Cannot parse command parameters

Whichever error I got, I would also get a JavaScript popping up saying:

An error ocurred.

I could however still change things around successfully, whether that’s adding or changing text, image, link or even changing a Datasource using ‘Edit the component properties’.

The solutions:

There were actually two issues I was dealing with here, not one:

  1. The first issue was known issue: The Page Editor did not save renderings inserted to a placeholder if the placeholder contained renderings that specified the placeholder key using mixed case. (367952)
    This issue was actually fixed in SItecore 6.6 Update 4 (as specified on SDN)
    After I changed my placeholder keys from camelcase to lowercase, the popup JavaScript error went away, as did the ‘Could not find the rendering in the HTML loaded from server’ error. The second issue remained, however.
  2. The second error is actually a bug (which has been registered with Sitecore Support).

So the first solution was reasonably simple, the second one a bit confusing. Here’s what was going on:

Widgets in WeBlog are based on the /sitecore/templates/Modules/WeBlog/Blog Sublayout template, rather than the default /sitecore/templates/System/Layout/Renderings/Sublayout template. This was so the output of the widgets can be cached per blog.

The Page Editor checks whether the template of the inserted control is the /sitecore/templates/System/Layout/Renderings/Sublayout template. If the control is not based on that template  the control can not be identified as a Sublayout.

Initially I changed the template of the widgets to the default, after that Sitecore Support did come back to me with a possible workaround: a changed version of the /sitecore/shell/Applications/Page Modes/Utility.js file. I have not implemented this (as I didn’t need the caching per blog), so that hasn’t been tested.

Big kudos to Sitecore Support for helping me figure out the cause for these problems.

SlowCheetah and Sitecore

At my current project we have a lot of different config files. We have multiple:

–        web.config
–        app_config\connectionstrings.config
–        app_config\app_settings.config
–        app_config\include\project.config

We’ve set this up with SlowCheetahwhich is an awesome tool to easily transform config files based on the build we have selected.

When I first installed it, I happily added all my transforms to the files above, and I built. My Visual Studio AfterBuild step copies and pastes all my stuff across to my installed Sitecore instance, and I browsed to it. That’s when I got the following error:

uploadwatcher

Turns out, in my eagerness to deploy this, I forgot I actually copied ALL config files across to my local path, not just the one I’m building for. It seems that Sitecore does not like having multiple files like that in the Include folder. When I deleted those files, it was fixed.

After that, I removed the transforms from the AfterBuild step and now it’s happily building away. 

Custom ordered treelist

On a different blog platform, 3 years ago, I created the following entry, which I thought would be nice to have in my ‘own’ blog platform as well.

On a project I was working on recently all the banners were put into a common folder. In the common folder was a hierarchical structure, which would make it easier to find banners when I wanted to select them in my banners field. On the offside, if you have a lot of banners, it can become very difficult to find the one you want to change.

Current situation

In my case it would be sufficient if I could have the name of the parent item in front of the selected item.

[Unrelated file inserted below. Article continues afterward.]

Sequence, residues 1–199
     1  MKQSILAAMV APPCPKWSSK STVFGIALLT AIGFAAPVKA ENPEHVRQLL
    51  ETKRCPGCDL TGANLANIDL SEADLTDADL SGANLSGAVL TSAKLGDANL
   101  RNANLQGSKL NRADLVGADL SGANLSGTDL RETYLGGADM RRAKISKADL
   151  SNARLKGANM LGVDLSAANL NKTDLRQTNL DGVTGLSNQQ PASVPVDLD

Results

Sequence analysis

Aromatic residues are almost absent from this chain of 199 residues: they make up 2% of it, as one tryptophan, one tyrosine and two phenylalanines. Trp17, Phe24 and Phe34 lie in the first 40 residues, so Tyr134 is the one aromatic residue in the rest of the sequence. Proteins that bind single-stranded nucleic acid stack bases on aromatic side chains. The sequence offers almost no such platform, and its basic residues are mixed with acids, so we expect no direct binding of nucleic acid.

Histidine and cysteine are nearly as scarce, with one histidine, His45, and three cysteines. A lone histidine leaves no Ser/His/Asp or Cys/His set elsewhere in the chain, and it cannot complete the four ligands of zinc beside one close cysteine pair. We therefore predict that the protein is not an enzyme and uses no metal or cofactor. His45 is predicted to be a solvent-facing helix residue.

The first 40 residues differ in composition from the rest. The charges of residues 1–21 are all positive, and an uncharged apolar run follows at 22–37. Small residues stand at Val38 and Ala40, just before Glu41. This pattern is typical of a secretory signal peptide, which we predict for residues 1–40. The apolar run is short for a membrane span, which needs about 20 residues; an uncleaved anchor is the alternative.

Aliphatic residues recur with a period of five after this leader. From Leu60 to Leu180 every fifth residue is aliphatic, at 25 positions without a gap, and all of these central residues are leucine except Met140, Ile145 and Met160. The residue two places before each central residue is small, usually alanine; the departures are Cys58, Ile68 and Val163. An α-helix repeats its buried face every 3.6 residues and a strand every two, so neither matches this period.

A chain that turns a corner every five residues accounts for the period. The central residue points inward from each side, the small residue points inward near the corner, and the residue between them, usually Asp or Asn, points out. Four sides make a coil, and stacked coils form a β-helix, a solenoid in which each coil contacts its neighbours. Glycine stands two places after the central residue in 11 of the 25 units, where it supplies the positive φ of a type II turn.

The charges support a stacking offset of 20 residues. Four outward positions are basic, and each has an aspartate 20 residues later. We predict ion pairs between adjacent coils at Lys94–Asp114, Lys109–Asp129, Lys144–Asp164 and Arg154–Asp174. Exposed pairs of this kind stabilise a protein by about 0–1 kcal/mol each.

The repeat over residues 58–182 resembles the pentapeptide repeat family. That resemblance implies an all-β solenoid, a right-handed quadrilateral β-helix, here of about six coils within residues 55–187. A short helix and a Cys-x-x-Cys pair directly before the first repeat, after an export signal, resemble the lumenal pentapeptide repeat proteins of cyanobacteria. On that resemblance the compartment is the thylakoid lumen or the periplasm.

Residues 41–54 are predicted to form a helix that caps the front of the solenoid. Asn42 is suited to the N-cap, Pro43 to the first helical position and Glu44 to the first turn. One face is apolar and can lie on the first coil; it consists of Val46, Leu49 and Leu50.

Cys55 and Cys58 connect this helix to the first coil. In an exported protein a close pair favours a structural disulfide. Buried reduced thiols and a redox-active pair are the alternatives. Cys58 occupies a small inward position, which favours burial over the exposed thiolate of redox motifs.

To accomplish this, I needed to complete 3 tasks:

  1. Create a custom class that inherits the TreeList
  2. In the Core database, create the new field type
  3. Set our field type in the template

Create a custom class
This custom class needs to override the OnLoad method, since that calls the method we are actually interested in: RestoreState.

protected override void OnLoad(EventArgs args)
{
  base.OnLoad(args);
  Assert.ArgumentNotNull(args, "args");
  if (!Sitecore.Context.ClientPage.IsEvent)
  {
    this.RestoreState();
  }
}

Then we pretty much keep the original RestoreState the way it was as well, except for a few lines.

private void RestoreState()
{
  Listbox _listBox = (Listbox)FindControl(this.ID = "_selected");
  string[] strArray = this.Value.Split(new char[]{'|'});
  _listBox.Controls.Clear();
  if (strArray.Length > 0)
  {
    Database contentDatabase = Sitecore.Context.ContentDatabase;
    if (!string.IsNullOrEmpty(this.DatabaseName))
    {
      contentDatabase = Factory.GetDatabase(this.DatabaseName);
    }

    for (int i=0; i < strArray.Length; i++)
    {
      string str = strArray[i];
      if (!string.IsNullOrEmpty(str))
      {
        ListItem child = new ListItem();
        child.ID = Sitecore.Web.UI.HtmlControls.Control.GetUniqueID("I");
        _listBox.Controls.Add(child);
        child.Value = child.ID + "|"+ str;
        Item item = contentDatabase.GetItem(str);
        if (item != null)
        {
          child.Header = item.Parent.DisplayName + ":" + item.DisplayName;
        }
        else
        {
          child.Header = str + ' ' + Translate.Text("[Item not found]");
        }
      }
    }

    SheerResponse.Refresh(_listBox);
  }
}

Because the base.OnLoad() runs first, the listbox is already filled. To prevent it from containing double values, we need to clear it first. Then we run through the selected values again, putting the displayname of its parent in front.

Now, all we need to do is add the following to the web.config, in the <controlsources> node.

<source mode="on" namespace="CustomTreeList" assembly="CustomTreeList" prefix="MyProject" />

Create the field type

What I did here was duplicate the TreeList type in the Core database, and set the control field to what we just added in the web.config, followed by the classname.

Set the field type
In the template where we have the field, we can now select the Custom Treelist we just added.

If we then check the banner field again, we get the following:

Thank you for reading, I hope this blog helps you.

If you have any suggestions or a better way, please let me know.

As commented on the original post: